Recently someone sent me a number of papers that discussed the biophilosophical underpinnings of brain death. Medical doctors increasingly find themselves in the midst of heated debates about what constitutes death by neurological criteria. It is not hard to understand how controversies can occur in this area. Whenever a patient who satisfies the criteria for brain death shows signs of improvement or recovery, these criteria are called into question. Or, perhaps more troublesome, some people will simply not concede that a patient is dead because recovery can be envisioned. In such cases, the concept of death becomes more like a subjective “decision” than an objective property of the brain.
To someone sympathetic to cryonics these debates are mildly infuriating because it shows the reckless medical myopia with which matters of life and death are approached. When bioethicists debate what constitutes “permanent and irreversible loss of the capacity for consciousness and self-awareness” there is little recognition of the possibility that what looks hopeless and irreversible by contemporary medical technologies may be rather straightforward to repair or recover by future medical technologies. Would we abandon a patient if a cure would be available tomorrow? What about next month? Next year? 50 years?
The standard rejoinder to this position is that cryopreservation of the patient (cryonics) itself produces irreversible damage to the brain and is thus not suitable to stabilize the patient longterm until more advanced treatments are available. But how can we know what will be considered irreversible damage in the future? Should we simply pull the plug based on our guesswork about the limits of future technologies? Would it not be more prudent to let future doctors make that determination?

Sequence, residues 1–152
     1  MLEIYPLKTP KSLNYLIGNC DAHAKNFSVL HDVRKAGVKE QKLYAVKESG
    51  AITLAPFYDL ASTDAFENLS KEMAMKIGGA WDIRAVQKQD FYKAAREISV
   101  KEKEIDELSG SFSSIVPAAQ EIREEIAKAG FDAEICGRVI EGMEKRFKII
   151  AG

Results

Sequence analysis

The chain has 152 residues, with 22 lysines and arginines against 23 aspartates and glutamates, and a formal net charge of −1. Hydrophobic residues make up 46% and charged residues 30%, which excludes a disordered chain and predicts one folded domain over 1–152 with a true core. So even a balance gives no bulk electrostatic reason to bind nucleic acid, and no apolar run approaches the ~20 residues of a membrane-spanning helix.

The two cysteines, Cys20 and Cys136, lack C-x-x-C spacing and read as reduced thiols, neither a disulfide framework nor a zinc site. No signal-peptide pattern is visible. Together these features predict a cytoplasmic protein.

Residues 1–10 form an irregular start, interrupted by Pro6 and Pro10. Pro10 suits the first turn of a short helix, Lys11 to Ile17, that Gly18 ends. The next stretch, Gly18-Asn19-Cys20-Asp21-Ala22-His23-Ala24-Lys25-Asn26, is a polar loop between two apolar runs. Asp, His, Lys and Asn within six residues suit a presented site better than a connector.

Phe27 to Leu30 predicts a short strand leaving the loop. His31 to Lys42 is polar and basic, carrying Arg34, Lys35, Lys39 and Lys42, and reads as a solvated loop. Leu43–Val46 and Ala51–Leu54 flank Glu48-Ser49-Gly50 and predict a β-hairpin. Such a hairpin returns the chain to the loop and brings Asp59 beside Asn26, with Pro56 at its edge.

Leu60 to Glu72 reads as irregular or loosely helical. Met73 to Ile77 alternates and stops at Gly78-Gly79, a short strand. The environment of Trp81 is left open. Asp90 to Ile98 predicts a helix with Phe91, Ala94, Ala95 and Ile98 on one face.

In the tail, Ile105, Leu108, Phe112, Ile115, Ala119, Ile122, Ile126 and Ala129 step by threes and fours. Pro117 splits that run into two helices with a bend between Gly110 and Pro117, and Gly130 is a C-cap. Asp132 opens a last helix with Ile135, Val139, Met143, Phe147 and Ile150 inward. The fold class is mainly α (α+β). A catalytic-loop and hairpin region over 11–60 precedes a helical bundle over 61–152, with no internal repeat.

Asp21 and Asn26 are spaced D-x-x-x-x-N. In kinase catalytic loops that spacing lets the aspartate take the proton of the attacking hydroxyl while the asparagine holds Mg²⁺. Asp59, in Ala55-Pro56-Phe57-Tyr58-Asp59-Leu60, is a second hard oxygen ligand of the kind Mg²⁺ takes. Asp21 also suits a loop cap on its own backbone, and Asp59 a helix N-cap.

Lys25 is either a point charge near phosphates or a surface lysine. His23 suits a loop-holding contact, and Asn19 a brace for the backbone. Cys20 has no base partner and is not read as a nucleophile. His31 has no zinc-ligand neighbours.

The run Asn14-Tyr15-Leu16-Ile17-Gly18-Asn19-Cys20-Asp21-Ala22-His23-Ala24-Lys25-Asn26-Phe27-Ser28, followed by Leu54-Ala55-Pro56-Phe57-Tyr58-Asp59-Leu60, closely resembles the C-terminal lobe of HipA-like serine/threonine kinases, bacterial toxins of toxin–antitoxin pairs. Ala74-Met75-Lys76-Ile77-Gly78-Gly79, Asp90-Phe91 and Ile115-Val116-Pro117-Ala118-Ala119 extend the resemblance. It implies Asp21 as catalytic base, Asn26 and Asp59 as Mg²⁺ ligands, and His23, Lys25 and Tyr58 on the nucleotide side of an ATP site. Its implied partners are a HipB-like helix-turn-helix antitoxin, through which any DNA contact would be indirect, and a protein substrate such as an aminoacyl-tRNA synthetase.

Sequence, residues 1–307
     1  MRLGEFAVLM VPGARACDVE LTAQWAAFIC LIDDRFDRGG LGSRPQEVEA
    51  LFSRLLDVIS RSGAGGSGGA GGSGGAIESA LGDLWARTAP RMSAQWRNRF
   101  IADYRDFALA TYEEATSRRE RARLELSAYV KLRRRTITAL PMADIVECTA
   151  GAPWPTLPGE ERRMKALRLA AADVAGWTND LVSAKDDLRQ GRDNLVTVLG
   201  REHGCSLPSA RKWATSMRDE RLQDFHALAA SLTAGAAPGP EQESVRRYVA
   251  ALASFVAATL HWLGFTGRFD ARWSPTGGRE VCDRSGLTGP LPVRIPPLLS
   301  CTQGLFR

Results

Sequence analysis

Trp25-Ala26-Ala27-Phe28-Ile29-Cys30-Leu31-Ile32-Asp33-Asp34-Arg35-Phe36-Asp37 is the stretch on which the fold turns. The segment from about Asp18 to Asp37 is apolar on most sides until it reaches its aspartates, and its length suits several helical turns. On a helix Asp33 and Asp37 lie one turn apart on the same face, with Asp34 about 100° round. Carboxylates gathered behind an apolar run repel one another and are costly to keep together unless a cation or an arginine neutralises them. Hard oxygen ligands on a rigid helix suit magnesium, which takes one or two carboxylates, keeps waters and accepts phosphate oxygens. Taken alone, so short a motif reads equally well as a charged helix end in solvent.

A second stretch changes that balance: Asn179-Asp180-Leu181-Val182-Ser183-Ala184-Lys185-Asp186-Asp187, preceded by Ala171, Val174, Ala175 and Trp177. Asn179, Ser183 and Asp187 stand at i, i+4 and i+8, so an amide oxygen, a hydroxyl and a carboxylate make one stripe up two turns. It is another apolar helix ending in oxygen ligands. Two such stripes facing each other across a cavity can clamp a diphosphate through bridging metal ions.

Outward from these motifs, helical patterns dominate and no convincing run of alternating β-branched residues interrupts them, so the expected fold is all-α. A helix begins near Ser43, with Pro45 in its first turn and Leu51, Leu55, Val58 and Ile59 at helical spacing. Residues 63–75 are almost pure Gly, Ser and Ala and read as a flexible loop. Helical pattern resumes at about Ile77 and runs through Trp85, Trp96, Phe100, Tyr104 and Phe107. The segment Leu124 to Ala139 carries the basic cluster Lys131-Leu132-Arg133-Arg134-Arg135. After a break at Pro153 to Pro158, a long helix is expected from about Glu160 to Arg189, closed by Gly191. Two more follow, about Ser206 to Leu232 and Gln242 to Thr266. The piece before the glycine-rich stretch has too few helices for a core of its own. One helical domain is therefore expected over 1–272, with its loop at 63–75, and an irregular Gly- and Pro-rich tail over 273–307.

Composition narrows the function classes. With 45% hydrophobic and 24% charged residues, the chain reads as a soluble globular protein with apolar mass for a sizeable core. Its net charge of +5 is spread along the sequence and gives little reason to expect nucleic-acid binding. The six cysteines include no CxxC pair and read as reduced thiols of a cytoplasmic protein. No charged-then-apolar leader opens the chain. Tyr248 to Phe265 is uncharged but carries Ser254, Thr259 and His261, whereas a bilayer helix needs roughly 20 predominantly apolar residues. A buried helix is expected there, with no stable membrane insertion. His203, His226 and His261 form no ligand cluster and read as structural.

This does look a lot like saying that cryonics is just an argument in favor of prudence based on ignorance. A sophisticated way of saying, “well, you never know!” Not quite. If a healthy brain without damage gives rise to consciousness and identity, it follows that if the original state of the brain can be inferred from the damaged state, the capacity to restore consciousness and identity is preserved in principle. Ice formation undeniably alters the structure of the brain but it does not make the ultrastructure “disappear.” In fact, at cryogenic temperatures nothing “disappears,” a point that is not even sufficiently recognized by many cryonics advocates. Today we can do better than freezing, though, and use vitrification agents, which solidify into a glass upon cooling to cryogenic temperatures. While these vitrification agents exhibit some toxicity, at the ultrastructural level this expresses itself at most as alteration of cell membranes, protein denaturation, etc., not wholesale destruction.
Where does this leave us on the issue of brain death? For starters, looking at a monitor and concluding that the patient is dead because of the absence of organized electrical activity will tell us little about the ultrastructure of the brain (case in point, at 15 degrees Celsius even a healthy brain will show a flat EEG). It is true that in some cases of brain death absence of electrical activity corresponds to substantial decomposition of brain tissue but it is important to recognize that in many such cases the brain has been permitted to self-destruct at body temperature as a result of trauma and ischemia. When a hospital is faced with a traumatic event of such magnitude that profound cell death can be expected, the most prudent action is to quickly cool the patient and prevent “information-theoretic death.” If the capacity for consciousness and awareness resides in the neuroanatomy of the brain, the first mandate of medicine is to preserve this.
Originally published as a column (Quod incepimus conficiemus) in Cryonics magazine, March, 2015